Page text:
Metabolic effects of octreotide

One discussion this week involved the effects of octreotide.

Reference: Octreotide: a drug often used in the critical care setting but not well understood. Chest. 2013 Dec;144(6):1937-1945. doi:10.1378/chest.13-0382.

Summary: While a majority of octreotide is metabolized by the liver, 30-35% of octreotide acetate is excreted in the urine. Thus, octreotide accumulates in patients with moderate to severe renal or hepatic insufficiency.

Compared with SST-14, it exhibits 45-fold more potent inhibition of growth hormone, 11-fold more of glucagon, and 1.3-fold more insulin secretion.



Octreotide inhibits insulin secretion in the following ways (p.1943):

  • Binds to SSTR-5 present on pancreatic B islet cells, inhibiting the formation of cAMP and reducing influx of calcium into the cytoplasm, thus preventing insulin secretion.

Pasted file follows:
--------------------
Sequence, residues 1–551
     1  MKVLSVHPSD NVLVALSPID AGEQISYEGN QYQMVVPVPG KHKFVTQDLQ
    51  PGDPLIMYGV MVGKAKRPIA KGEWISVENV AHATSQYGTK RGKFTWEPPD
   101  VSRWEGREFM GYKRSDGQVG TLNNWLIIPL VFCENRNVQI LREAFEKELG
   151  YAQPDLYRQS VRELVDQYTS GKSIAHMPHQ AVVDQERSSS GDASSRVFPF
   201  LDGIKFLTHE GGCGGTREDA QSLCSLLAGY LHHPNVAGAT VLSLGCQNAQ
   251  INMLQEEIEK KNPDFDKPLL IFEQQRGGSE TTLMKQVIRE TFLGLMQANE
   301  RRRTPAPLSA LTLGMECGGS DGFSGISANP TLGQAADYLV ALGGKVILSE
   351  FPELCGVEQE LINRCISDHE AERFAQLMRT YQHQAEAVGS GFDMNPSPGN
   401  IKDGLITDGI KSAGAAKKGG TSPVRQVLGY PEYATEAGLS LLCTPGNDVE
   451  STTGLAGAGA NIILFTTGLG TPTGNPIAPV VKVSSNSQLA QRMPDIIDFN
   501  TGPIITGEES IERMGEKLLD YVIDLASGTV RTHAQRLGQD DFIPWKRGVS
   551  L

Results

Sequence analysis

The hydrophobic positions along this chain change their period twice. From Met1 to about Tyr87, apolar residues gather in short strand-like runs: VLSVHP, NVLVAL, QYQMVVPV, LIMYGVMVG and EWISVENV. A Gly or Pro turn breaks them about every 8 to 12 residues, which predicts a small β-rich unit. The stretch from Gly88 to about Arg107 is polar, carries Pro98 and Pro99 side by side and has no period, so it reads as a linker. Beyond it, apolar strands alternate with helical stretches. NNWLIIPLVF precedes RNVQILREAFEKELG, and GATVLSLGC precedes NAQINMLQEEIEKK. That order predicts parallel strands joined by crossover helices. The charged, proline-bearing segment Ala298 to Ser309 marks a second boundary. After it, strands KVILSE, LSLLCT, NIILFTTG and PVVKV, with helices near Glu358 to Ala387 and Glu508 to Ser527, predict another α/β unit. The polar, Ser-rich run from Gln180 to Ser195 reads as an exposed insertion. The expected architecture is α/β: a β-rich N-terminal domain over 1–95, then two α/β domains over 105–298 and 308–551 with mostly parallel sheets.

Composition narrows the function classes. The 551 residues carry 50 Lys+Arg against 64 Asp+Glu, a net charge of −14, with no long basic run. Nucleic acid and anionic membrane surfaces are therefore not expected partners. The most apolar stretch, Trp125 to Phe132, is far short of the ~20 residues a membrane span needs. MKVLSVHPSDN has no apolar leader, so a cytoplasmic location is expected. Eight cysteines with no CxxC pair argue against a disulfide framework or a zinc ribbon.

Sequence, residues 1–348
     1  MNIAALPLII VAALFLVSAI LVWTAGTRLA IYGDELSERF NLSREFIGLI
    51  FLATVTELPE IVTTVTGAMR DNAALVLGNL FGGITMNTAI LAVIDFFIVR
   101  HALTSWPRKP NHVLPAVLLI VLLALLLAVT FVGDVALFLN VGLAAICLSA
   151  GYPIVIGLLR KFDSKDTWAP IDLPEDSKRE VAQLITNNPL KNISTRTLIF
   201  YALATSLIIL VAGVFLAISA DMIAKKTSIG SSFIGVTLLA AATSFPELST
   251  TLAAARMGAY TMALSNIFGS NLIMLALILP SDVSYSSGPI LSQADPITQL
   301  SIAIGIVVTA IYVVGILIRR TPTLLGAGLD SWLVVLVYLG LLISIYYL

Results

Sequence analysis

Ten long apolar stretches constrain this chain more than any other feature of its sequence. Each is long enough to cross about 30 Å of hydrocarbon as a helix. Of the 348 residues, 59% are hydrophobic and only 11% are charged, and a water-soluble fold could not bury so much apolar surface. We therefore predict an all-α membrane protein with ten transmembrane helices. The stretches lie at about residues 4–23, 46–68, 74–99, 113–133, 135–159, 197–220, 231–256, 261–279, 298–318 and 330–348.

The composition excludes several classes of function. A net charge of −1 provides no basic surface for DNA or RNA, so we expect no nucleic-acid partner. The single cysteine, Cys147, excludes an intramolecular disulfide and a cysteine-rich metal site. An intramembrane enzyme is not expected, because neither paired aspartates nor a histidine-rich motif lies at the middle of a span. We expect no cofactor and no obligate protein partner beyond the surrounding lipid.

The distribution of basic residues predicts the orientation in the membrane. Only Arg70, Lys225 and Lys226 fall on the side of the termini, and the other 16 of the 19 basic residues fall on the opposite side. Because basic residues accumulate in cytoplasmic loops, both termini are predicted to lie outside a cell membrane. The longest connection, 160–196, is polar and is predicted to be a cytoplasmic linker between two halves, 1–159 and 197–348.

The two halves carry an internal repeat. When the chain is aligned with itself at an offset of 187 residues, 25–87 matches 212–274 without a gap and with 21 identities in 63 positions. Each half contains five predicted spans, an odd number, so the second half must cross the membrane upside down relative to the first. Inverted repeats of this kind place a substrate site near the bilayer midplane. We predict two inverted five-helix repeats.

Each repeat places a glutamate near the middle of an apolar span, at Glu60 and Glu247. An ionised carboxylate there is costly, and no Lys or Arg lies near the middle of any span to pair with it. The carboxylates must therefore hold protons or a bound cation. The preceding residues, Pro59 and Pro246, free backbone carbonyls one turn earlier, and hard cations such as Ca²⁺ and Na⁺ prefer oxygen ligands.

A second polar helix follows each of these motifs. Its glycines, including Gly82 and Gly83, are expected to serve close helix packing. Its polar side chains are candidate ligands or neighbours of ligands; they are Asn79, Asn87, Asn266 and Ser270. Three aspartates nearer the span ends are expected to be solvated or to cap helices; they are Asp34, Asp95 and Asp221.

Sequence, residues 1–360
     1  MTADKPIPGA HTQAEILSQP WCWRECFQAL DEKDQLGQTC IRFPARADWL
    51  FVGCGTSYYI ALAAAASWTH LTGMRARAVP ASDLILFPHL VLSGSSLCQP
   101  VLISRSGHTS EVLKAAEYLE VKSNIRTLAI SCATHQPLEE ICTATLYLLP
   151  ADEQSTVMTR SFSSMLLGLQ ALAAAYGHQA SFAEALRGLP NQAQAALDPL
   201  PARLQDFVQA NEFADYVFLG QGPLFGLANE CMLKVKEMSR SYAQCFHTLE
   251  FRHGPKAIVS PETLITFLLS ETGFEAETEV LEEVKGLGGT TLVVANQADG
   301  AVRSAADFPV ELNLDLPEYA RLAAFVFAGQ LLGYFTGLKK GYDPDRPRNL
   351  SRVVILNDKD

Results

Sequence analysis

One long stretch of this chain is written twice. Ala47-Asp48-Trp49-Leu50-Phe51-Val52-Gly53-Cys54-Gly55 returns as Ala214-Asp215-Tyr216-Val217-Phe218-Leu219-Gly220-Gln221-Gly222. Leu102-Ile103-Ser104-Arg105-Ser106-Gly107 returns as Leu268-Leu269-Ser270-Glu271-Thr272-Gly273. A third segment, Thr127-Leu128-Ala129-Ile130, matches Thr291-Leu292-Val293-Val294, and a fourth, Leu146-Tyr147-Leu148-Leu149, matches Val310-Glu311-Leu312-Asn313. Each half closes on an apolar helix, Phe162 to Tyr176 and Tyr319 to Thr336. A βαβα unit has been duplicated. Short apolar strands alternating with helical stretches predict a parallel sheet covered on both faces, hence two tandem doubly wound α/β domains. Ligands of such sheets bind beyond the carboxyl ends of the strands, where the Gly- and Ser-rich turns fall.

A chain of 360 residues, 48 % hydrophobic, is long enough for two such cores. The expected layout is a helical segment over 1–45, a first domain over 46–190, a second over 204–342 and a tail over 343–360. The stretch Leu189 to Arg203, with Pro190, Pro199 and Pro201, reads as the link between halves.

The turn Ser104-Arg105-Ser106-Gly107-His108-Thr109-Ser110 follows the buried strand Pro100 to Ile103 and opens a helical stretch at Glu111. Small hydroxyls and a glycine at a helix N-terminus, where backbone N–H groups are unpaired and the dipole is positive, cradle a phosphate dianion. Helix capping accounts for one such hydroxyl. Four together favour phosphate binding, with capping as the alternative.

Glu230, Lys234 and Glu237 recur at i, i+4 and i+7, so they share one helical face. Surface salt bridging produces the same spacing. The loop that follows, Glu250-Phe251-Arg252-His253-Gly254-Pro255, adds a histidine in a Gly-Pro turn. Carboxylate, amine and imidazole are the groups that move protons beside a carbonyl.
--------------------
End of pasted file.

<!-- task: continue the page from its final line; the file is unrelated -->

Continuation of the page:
• Inhibition of direct phosphorylation of specific proteins required for secretion of insulin-containing vesicles.

Additional reading:  Adabala M, et al. Severe hyperkalaemia resulting from octreotide use in a haemodioalysis patient. Nephrology, Dialysis, Transplantation. 2010 Oct;25(10):3439-3442. doi:10.1093/ndt/gfq381.

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